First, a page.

Friday, July 17, 2009

a good review of David Bentley Hart

It's at:

Like me (see below), he regards Hart's "Atheist Delusions" as a brilliant book, more accurately described by its subtitle, "The Christian Revolution and Its Enemies." Like me, too, the reviewer, Paul Griffiths, sees a rhetorical contradiction (if that's the word--inconsistency, discrepancy?) between the book's emphasis on how Christian joy replaced pagan gloom and the author's own gloom.

He also brings up a point that I agree with but did not include in my review. Hart stresses the novelty of Christianity, how it changed completely the worldview of pagan Rome and Greece. True, but he makes it look as if Christianity came out of nowhere by downplaying its prehistory in Jewish scripture and religion. The Incarnation was, according to Christian tradition and scripture, prepared over centuries in the history of God's special relationship with the Jewish people, with their long internal and external struggle toward monotheism. The Hebrew Bible is an essential part of the Christian narrative. The novelty in Jewish terms was not the coming of a Messiah--that was expected and there were several contenders--but the entirely unexpected form he took--the God-man as an unassuming member of a family that was not socially or economically distinguished--not to mention the manner of his death and subsequent resurrection.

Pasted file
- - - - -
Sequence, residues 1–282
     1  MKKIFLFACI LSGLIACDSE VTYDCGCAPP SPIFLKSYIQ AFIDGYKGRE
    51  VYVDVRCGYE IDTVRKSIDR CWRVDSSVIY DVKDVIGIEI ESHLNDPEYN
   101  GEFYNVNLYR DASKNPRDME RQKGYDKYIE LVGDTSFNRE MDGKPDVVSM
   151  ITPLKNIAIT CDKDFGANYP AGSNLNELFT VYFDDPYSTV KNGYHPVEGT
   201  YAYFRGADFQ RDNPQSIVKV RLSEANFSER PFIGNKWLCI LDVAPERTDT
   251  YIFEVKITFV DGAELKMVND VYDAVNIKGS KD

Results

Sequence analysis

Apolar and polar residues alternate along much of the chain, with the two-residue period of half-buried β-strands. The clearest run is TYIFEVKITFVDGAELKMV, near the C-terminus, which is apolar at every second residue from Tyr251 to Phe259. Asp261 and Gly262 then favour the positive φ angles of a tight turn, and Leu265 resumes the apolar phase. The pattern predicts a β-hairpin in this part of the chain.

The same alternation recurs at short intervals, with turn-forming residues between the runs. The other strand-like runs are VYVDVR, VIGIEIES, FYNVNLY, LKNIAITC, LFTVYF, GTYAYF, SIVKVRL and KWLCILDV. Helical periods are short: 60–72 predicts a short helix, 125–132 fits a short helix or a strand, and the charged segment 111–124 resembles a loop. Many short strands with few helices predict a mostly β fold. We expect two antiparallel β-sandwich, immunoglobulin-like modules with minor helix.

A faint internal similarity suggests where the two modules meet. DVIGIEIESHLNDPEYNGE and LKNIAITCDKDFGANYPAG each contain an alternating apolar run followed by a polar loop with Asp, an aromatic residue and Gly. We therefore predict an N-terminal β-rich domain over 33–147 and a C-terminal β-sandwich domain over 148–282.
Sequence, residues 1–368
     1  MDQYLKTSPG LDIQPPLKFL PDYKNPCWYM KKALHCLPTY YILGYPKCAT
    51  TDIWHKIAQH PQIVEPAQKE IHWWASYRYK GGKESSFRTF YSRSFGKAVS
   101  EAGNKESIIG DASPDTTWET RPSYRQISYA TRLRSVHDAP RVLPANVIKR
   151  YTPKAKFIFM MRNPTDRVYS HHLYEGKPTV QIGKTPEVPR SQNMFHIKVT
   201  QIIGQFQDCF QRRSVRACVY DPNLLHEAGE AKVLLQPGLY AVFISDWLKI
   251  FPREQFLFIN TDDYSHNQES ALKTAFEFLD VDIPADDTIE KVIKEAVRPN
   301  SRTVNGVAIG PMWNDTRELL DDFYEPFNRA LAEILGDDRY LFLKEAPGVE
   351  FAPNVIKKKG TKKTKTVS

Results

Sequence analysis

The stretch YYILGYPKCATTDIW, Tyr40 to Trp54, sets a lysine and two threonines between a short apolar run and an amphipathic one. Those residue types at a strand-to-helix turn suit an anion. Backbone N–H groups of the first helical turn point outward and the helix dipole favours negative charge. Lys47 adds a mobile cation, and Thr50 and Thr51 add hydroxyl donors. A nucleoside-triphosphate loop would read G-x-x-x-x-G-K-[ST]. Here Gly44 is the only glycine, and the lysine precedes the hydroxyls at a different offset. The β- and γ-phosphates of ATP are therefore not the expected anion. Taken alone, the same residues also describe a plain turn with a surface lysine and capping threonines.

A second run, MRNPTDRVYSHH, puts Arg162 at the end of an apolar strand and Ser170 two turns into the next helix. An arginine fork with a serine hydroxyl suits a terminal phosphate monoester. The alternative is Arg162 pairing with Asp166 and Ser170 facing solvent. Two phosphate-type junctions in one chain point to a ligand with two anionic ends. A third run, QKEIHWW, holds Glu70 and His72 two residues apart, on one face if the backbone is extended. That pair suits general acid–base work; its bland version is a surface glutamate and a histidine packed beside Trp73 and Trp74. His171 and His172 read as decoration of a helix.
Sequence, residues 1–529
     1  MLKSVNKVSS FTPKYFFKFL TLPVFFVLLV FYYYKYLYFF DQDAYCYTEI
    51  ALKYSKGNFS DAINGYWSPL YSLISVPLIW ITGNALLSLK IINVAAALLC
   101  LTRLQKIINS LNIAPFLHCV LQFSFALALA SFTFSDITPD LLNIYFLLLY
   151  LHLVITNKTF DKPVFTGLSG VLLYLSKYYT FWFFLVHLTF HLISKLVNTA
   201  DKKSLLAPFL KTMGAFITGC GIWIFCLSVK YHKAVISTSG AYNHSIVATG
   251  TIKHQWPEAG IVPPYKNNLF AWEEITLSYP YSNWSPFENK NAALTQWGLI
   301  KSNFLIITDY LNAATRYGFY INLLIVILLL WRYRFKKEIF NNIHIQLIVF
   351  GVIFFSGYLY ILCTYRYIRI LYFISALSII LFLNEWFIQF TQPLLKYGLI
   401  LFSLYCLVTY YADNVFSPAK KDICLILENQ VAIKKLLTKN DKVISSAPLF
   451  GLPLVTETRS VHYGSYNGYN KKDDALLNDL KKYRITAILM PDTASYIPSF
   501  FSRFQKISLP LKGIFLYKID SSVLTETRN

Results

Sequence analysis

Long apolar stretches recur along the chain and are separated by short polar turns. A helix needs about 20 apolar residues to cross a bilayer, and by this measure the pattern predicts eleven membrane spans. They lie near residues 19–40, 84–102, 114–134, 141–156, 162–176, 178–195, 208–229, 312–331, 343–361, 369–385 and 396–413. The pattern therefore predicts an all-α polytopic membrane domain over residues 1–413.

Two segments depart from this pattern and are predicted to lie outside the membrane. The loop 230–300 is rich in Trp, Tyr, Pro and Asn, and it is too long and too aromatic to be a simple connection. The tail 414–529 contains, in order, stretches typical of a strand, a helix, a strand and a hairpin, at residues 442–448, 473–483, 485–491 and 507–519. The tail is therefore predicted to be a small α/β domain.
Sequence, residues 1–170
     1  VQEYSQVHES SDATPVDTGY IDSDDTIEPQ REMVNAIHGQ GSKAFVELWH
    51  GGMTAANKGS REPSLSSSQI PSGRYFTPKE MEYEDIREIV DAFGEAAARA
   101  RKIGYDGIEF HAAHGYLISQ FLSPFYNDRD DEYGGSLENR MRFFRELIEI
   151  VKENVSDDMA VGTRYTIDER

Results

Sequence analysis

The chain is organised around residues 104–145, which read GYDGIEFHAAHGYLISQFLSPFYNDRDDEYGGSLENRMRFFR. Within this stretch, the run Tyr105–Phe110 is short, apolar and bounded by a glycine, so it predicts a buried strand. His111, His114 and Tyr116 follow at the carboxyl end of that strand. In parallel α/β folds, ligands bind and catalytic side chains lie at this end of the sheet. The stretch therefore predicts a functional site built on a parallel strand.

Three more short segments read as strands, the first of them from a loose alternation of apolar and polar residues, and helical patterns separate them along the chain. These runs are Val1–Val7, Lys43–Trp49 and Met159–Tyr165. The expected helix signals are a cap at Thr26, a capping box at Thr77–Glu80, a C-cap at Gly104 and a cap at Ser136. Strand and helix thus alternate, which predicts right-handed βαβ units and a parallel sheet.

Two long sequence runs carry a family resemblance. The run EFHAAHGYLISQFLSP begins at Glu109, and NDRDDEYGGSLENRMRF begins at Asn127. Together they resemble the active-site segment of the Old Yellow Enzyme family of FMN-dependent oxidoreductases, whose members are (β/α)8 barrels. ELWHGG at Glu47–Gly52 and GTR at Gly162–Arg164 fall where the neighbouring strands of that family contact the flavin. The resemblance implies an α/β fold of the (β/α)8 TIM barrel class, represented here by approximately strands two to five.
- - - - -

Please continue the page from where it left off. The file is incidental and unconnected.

Still, an extraordinary and brilliant book, very different from the other critiques of Ditchkins (Dawkins+Hitchens), in Eagleton's happy term. If nothing else, people raised with, and unquestioning of the standard Enlightenment narrative (how the darkness and superstition of the Middle Ages were dispelled by secular reason and science) should read the book for a compelling and accurate counter-narrative.

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